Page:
If the Guggenheim’s recent “Italian Futurism” show left you wanting more, be thankful for Sperone Westwater’s deep collection of Italian art from the pre-/during/postwar years. The gallery’s exhibition covers nearly the exact same time period (1910s-1950s) as the Guggenheim show, but branches out to include Futurism-adjacent movements and styles like Concrete art and, more generally, Italian abstraction. Two floors of the gallery are hung salon-style with 119 works by some of the best-known Italian artists (e.g. Giacomo Balla, Lucio Fontana, Ettore Sottsass), as well as painters lesser known to American audiences, like Manlio Rho, Carla Badiali and Atanasio Soldati. “Painting in Italy” is a museum-quality show that should not be missed.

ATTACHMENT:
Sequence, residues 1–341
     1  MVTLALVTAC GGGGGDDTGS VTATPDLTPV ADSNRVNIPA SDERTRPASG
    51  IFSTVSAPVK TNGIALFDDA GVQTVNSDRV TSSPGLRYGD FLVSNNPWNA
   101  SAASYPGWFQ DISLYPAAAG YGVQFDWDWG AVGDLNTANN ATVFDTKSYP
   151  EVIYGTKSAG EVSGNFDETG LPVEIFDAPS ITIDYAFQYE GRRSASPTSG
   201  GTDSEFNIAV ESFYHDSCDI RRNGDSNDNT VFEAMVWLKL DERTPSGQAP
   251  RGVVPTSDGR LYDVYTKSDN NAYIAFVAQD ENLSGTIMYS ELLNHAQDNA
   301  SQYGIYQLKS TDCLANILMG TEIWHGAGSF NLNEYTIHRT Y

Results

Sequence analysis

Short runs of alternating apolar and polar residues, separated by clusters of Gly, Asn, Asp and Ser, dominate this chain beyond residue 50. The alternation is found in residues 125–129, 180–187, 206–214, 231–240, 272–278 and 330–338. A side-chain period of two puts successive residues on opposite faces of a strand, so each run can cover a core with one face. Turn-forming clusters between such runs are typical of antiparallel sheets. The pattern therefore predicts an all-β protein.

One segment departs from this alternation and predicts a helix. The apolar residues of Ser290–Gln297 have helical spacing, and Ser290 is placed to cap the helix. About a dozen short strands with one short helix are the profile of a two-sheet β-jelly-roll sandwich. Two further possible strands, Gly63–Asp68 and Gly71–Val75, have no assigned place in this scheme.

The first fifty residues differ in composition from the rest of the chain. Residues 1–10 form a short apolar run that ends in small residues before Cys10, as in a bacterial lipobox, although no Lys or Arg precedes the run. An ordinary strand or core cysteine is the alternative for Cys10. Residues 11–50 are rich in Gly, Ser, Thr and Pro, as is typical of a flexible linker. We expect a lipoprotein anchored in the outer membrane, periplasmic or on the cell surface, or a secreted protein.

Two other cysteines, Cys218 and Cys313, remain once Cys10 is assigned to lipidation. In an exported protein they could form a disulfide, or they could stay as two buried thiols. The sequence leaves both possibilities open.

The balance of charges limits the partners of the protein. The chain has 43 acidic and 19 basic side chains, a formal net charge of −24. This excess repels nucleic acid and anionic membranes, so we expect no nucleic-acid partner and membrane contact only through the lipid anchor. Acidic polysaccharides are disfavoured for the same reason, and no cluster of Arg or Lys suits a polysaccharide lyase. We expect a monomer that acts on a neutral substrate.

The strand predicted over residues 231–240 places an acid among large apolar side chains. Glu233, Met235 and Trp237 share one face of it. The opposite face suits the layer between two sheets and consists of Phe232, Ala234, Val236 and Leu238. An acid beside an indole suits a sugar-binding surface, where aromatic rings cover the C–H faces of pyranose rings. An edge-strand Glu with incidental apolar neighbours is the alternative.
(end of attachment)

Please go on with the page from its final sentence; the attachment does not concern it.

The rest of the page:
Pictured: Atansio Soldati: Composizione (Composition), 1933,â?¨oil on canvas, approx.â?¨14 by 26 inches.â?¨Courtesy Sperone Westwater, New York.